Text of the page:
In the case of our patient, the combination of the recurrent fevers, nosebleeds, possible malar rash, generalized thin/ill appearance, tachycardia out of proportion to age and fever, and abnormal lung exam excluded him from the mild pathway and warranted further investigation, including an initial chest X-ray and consideration for inpatient treatment. The unexpected chest mass on X-ray prompted immediate transport.
The differential diagnosis for anterior mediastinal masses can be recalled with the “5Ts” mnemonic: Thymoma, Thyroid causes, Thoracic aorta origin, Teratoma and “Terrible” lymphoma. Chest masses may present signs and symptoms of generalized systemic symptoms (e.g., night sweats, weight loss, or fevers), superior vena cava syndrome, airway obstruction, cardiac tamponade, generalized lymphadenopathy, easy bleeding/bruising, or Horner’s syndrome. Once the diagnosis of a chest mass is made, emphasis should be placed on prompt referral for diagnosis and initiation of treatment. A stable patient can rapidly deteriorate into respiratory distress or cardiovascular collapse with even seemingly innocuous stimuli such as recumbent positioning.
Definitive treatment of the chest mass is determined by the underlying diagnosis. Systemic steroids, however, can play a role at various points in treatment. In the event of rapid progression of cardiorespiratory or neurologic symptoms due to mass effect, steroids combined with radiation therapy may be used to alleviate the mass-effect symptoms. For oncologic diagnoses, steroids can be an integral chemotherapeutic agent in specific treatment protocols. In the case of a child pretreated with steroids for symptoms without definitive diagnoses, such as new-onset wheezing in an older child or severe pharyngitis in presumed EBV infection, the pretreatment may make diagnosis and/or adequate staging more difficult, result in steroid-resistant tumors, or alter potential treatment options that would otherwise be available to patients. These consequences can potentially negatively impact prognosis. Judicious use of steroids in the outpatient pediatric setting is prudent, and considering a chest X-ray prior to initiation of steroids may be warranted.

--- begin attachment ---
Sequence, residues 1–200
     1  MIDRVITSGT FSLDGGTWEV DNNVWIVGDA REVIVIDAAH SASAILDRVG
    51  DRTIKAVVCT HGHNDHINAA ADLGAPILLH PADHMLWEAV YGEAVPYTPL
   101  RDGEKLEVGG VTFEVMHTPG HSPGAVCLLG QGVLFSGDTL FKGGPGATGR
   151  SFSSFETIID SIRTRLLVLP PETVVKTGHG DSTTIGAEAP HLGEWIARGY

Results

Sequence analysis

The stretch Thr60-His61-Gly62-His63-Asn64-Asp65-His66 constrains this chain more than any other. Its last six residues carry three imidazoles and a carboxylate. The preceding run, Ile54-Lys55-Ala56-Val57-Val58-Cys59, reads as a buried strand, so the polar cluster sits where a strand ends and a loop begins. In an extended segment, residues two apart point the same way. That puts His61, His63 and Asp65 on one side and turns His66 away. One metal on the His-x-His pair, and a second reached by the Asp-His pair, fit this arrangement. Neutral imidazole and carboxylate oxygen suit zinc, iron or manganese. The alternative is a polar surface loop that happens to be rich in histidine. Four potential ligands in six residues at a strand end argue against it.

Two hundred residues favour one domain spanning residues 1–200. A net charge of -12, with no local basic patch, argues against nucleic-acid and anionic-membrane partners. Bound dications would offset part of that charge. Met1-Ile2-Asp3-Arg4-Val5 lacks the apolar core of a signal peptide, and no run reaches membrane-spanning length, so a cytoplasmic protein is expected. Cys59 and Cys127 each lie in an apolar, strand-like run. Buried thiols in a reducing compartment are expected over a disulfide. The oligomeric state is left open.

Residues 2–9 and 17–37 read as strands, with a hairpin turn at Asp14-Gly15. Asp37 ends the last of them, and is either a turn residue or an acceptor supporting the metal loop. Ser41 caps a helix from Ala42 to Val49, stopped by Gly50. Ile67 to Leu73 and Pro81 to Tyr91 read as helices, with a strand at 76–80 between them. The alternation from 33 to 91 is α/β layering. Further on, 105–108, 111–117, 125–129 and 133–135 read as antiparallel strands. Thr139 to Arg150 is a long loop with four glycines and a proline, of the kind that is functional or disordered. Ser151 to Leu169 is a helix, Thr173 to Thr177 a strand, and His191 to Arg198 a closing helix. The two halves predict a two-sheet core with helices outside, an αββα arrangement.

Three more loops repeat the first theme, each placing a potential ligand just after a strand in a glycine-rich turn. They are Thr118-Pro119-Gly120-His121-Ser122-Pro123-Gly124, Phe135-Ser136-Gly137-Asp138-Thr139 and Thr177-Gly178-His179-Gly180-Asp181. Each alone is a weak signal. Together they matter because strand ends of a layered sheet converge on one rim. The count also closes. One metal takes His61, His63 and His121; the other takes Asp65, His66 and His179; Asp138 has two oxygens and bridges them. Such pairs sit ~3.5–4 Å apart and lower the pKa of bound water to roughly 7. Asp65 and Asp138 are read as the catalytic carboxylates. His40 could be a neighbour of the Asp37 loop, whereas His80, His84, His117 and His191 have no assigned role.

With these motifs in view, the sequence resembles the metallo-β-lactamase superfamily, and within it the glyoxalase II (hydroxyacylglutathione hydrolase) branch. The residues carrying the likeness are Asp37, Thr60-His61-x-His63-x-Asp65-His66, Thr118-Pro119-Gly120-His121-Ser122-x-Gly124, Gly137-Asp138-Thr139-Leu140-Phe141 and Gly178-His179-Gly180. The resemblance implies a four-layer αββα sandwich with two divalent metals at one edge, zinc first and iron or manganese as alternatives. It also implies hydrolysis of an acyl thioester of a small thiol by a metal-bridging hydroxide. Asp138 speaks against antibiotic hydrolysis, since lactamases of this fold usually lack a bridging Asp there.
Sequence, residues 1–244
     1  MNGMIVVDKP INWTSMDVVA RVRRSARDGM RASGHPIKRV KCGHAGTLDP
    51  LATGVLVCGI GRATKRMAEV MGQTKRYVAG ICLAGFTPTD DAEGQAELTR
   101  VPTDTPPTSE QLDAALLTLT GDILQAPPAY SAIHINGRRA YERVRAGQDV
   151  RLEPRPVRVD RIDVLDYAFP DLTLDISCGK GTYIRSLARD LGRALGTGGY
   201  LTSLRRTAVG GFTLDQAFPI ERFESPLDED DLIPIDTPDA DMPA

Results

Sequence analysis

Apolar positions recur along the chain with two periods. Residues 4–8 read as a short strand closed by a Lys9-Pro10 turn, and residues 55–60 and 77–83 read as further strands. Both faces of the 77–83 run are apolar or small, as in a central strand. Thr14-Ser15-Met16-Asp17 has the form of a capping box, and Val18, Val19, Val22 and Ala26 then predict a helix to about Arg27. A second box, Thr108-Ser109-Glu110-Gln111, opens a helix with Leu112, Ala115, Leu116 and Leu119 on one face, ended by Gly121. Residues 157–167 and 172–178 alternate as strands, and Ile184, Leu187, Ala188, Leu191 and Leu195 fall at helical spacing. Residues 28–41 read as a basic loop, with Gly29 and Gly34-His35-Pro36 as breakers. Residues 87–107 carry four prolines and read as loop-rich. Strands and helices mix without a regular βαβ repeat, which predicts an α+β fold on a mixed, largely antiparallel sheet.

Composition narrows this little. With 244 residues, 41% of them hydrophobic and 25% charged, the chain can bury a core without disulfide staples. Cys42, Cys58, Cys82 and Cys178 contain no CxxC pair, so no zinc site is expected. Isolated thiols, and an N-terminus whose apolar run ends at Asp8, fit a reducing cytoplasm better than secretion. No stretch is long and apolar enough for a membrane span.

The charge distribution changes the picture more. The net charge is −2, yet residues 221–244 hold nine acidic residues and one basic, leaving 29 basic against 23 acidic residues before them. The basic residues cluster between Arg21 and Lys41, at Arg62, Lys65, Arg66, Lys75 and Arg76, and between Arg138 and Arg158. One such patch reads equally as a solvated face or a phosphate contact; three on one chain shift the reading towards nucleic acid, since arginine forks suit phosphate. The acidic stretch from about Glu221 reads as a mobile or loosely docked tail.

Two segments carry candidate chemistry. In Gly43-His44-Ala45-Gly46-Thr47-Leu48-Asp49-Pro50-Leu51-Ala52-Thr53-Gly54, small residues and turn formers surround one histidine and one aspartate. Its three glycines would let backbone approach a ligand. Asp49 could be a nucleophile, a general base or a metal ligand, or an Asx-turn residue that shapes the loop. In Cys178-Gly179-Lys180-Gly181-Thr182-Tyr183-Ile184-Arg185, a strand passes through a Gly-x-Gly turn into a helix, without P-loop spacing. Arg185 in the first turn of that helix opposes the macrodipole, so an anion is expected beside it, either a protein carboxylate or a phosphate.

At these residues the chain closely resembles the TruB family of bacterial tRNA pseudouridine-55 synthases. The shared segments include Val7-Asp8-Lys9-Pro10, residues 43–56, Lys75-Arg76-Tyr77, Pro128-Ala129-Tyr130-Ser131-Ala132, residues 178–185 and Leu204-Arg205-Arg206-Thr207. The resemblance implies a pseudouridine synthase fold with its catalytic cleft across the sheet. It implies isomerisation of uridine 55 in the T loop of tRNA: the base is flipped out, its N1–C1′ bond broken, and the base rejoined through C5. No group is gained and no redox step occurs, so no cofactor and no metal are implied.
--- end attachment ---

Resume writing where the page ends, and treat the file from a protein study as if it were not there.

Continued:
Pathway for Evaluation and Treatment of Child with Community-Acquired Pneumonia. Available at www.chop.edu/pathways/shared-pathways/pneumonia/. Accessed July 30, 2014.
Bradley JS, Byington CL, Shah SS, et al. The management of community-acquired pneumonia in infants and children older than 3 months of age: clinical practice guidelines by the Pediatric Infectious Diseases Society and the Infectious Diseases Society of America. Clin Infect Dis. 2011;53(7):e25-76.
Schwartz MW, ed. The 5-Minute Pediatric Consult. 6th ed. Philadelphia, PA: Lippincott Williams & Wilkins; 2012.532-533.
The Children’s Hospital of Philadelphia operates two Urgent Care Centers, one in the CHOP Care Network King of Prussia, Pennsylvania, Specialty Care Center and one in the CHOP Care Network Atlantic County Specialty Care Center in Mays Landing, New Jersey. Experienced pediatricians and pediatric nurses are always on site.
Both facilities have onsite labs and X-ray equipment and are open 365 days a year. No appointment required.
Contributed by: Michael Maraventano, MD, Julie W. Stern, MD
Categories: Urgent Care